Axxes IT Consultancy

Functional Queens

A while back, during a company meeting, we had a brave soul who challenged us to go on an adventure with him. This F# enthusiast wanted us to learn functional programming together. Fast-forward a couple of months and things are starting to take shape.

Our latest mission was the famous 8 queens puzzle, which we had to solve using a functional language. What functional language you actually used was up to you. This resulted in two teams fighting for glory, F# vs Scala. So without further ado, here is the story from the F# side!

eight queens puzzle

Coding challenge summarized:

• Place 8 chess queens on a standard chess board (8×8)
• Queens can’t attack each other, thus a solution requires that no two queens share the same row, column, or diagonal
• How many valid solutions are there?

As the awesome team of developers we are, familiar with all modern programming principles, we started developing pretty fast after we got our assignment. TDD style. Red, green, refactor. Just beautiful. Until.. Ugh.. We realized our mistake. Way over-complicating our solution, like true developers! The price of this mistake? Us commenting out at least 60% of our already written code and 100% of our tests. A minor setback, one would say. We went back to the drawing board and figured it out.

Brute Force

When we first analyzed the problem, we tried to determine if brute force was an option. Sadly, our conclusion at the time was wrong. If we don’t care about how long it would take, what is the simplest way to find all the solutions? Generate each possible arrangement, validate the correctness, and voila! But wait. How many arrangements are possible for this puzzle using no rules? Over! Way too many for brute force! And here lies our mistake, we didn’t consider trying to cheat the system.

Instead of generating each possible arrangement, we applied a simple rule that constrains each queen to a unique row. By doing that we now only get 16 777 216 (8^8) possible combinations. That’s a lot better already, but still too many. We were able to reduce this number even further by generating the permutations, which reduced the combinations down to just 40 320 (8!). Then the only thing left to do, was to filter those queens that are on the same diagonal and we got our final result!


Validating if a queen is in the diagonal of another queen, is essential for when we find all our permutations. We would loop over all those permutations and filter out all the permutations returning true for this function. Leaving only the valid solutions in the collection which we could then count.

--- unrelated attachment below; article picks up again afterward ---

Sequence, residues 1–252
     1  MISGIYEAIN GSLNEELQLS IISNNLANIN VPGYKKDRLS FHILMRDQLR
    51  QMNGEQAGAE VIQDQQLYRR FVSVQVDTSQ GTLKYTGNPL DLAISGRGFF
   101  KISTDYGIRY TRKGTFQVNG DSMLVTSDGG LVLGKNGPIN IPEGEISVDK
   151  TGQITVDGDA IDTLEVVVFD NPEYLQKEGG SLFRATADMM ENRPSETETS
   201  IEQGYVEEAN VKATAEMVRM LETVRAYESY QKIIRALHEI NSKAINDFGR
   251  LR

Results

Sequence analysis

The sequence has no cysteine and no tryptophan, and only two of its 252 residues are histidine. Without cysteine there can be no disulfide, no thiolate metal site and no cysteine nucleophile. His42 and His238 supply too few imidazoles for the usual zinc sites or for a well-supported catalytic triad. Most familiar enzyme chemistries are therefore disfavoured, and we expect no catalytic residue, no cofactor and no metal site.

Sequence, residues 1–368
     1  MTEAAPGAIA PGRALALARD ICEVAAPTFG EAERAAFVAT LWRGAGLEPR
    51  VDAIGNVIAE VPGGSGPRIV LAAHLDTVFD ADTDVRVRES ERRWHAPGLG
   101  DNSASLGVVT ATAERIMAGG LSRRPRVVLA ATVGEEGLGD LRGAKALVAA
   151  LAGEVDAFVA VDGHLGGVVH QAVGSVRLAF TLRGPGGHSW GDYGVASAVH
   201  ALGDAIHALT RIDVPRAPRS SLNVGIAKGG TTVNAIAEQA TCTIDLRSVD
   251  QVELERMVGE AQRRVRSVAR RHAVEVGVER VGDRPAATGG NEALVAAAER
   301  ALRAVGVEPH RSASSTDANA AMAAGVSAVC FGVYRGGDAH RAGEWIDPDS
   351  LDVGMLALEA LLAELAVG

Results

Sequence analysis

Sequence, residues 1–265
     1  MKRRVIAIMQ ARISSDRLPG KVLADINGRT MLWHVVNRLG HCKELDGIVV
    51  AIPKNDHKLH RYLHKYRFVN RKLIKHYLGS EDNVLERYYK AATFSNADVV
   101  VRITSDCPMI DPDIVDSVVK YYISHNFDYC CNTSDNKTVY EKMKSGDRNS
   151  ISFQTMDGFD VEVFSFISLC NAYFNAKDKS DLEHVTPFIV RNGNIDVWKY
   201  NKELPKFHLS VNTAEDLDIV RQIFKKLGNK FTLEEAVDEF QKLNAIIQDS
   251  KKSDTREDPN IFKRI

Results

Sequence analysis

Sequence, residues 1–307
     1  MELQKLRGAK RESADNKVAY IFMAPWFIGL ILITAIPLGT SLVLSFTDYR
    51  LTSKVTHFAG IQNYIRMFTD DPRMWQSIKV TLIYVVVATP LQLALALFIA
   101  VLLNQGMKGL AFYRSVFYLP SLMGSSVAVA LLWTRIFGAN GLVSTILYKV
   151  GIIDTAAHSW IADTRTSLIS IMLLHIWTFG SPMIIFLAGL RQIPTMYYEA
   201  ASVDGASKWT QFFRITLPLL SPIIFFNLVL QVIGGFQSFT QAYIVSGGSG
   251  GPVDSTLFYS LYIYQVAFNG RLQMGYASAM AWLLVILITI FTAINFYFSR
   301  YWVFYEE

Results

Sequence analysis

A recursive function for comparing all the queens from a board against each other. all the queens from the tail will be compared to the head. If none of them are in the diagonal of the head, the head will be removed from the collection. The permutation is valid if the collection is empty in the end.

A function used to generate our permutations. For each row we create all possible column combinations. If the queens reached a count of 8 (0→7), where each queen can only be on a single row, all permutations would’ve been generated. Each time we use a column it gets removed from the collection of available columns.

eight queens puzzle

All that was left to do was bringing it all together! In this case our yPositions are the columns of the chess board. We generate the permutations, we filter the permutations and then they get printed which gives us our final result.

Source src/fsharp/CodingKata/Queens.fs


First of all, a huge thanks to Axxes for supporting this event. Investing in people to learn a new language is just one of the many examples that show how great our company can be. It brought us joy and made us better programmers.

Secondly, a small spotlight for Florian Verdonck, responsible for making all of this a success. I think everyone would agree that it was a great afternoon, a fun and interactive way to learn a new language with useful insights and a lot of gotchas, while also seeing a different side from your colleagues at the same time.

I hope you learned something new like I did and if you want to learn more about F# and Functional Programming feel free to join us at FableConf Antwerp later this year and order your early bird ticket today!

Cheers, Bart

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About the author

Bart Gevaert

Bart Gevaert

.NET Developer

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